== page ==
The Criminal Justice System: The Culture Of The Klamath

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eHRAF Research Paper Criminal justice systems are the processes created by governments or ruling agencies to maintain order and punish crime within a society ("The Criminal Justice System"). One universal criminal justice system does not exist, instead, they vary from society to society. These systems are important because they help to uphold order, enforce norms and mores, and shape the values of a society. I have only researched the criminal justice system of the United States government, so I am only familiar with the structure of a large government. The United States has a tiered structure in which there are law enforcement officers, county courts, state courts, federal courts, and other tiers so that there is a chain of command. I chose this topic because I am an aspiring lawyer, and I think that comparing different cultures ' legal systems will provide a greater understanding of the topic as a whole. The societies compared in this essay do not have a justice system as large as the United States, but the United States has a different subsistence strategy than those in this essay. Does subsistence strategy have a …show more content…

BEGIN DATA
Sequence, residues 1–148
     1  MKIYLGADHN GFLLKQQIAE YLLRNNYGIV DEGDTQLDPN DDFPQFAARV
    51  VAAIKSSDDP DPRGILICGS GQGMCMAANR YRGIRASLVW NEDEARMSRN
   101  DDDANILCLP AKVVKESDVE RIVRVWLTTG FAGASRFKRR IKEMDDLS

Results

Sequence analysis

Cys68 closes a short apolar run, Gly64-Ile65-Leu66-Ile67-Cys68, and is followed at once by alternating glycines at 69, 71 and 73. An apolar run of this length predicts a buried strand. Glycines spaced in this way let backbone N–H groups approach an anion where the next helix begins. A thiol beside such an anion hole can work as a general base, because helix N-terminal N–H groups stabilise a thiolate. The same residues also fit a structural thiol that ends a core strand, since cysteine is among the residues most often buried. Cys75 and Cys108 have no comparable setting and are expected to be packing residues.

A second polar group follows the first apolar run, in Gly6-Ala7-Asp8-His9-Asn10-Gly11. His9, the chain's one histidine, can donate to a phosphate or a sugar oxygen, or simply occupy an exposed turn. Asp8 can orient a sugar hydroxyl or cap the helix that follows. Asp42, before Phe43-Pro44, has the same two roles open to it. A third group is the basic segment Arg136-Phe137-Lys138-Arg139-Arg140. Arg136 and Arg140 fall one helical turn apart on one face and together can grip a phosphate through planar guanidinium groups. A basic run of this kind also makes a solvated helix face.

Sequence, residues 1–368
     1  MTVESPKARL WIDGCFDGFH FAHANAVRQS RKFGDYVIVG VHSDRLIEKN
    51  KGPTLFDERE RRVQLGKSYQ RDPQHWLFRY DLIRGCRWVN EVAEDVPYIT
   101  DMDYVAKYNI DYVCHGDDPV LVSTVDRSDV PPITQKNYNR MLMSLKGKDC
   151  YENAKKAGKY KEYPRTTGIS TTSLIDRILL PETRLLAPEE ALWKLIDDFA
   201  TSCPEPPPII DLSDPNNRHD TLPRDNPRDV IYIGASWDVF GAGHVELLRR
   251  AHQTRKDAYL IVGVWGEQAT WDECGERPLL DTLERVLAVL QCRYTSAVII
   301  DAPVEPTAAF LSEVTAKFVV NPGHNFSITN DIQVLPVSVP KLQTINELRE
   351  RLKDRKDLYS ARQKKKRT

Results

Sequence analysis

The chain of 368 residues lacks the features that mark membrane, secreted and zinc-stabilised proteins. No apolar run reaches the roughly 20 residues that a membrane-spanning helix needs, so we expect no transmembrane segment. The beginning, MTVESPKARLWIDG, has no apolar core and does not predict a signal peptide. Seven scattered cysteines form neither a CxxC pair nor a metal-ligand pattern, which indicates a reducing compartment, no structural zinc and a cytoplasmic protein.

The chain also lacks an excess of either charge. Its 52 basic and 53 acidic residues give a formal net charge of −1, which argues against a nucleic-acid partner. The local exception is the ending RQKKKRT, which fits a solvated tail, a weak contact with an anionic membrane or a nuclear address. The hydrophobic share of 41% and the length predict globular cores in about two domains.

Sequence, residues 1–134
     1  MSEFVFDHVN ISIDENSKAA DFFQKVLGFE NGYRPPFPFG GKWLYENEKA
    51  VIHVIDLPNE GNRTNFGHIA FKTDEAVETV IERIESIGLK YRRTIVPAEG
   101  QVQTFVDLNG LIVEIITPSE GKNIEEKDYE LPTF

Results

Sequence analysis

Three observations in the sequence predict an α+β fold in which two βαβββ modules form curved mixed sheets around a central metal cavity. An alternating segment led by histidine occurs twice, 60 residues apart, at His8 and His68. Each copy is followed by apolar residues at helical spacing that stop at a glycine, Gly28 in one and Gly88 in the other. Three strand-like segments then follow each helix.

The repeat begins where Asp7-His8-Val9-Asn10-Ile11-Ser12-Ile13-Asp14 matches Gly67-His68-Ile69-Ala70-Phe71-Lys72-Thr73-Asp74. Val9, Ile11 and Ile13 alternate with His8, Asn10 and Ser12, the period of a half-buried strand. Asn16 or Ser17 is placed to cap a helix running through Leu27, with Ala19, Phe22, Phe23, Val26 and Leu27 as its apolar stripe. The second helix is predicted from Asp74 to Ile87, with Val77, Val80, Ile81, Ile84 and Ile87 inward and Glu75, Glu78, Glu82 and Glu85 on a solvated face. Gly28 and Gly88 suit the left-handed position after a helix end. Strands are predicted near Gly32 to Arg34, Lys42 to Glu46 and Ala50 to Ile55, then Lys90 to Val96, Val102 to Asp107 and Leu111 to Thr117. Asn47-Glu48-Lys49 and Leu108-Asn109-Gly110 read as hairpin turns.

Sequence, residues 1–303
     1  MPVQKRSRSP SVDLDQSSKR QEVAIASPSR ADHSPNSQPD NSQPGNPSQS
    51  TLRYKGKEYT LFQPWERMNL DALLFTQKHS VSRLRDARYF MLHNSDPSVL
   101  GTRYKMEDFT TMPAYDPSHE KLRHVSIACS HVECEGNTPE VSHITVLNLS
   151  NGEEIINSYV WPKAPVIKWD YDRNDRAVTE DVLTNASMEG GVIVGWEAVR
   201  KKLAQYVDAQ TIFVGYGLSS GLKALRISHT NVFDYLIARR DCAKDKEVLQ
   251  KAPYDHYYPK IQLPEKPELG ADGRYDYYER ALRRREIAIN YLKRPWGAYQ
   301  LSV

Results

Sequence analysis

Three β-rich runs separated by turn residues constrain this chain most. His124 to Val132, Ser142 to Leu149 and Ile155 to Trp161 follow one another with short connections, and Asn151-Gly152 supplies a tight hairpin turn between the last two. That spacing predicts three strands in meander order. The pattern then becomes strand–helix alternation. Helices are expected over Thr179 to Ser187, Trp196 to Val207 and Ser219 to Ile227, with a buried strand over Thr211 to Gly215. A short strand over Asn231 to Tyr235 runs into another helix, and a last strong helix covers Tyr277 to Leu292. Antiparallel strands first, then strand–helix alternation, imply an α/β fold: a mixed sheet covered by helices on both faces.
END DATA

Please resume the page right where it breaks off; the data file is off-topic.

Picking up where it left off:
As of the 1990 census, a little over 3,000 Klamath. The Klamath, as stated in the previous paragraph, are foragers. According to the “Culture Summary: Klamath” by Ian Skoggard, the Klamath are located in the plains and plateaus of North America, more specifically southwestern Oregon. The Klamath do not have descent groups because of the emphasis on nuclear families. They practice monogamous exogamy, but occasionally sororal polygyny, and "divorce was easy and common" (Skoggard). The families reside patrilocally, but if the groom is poor, the family may live matrilocally. The society is divided into geographical tribelets and some of the tribelets had chiefs, while others did not. The tribelets that had chiefs had men lead who were war leaders, wealthy, or had a connection to the

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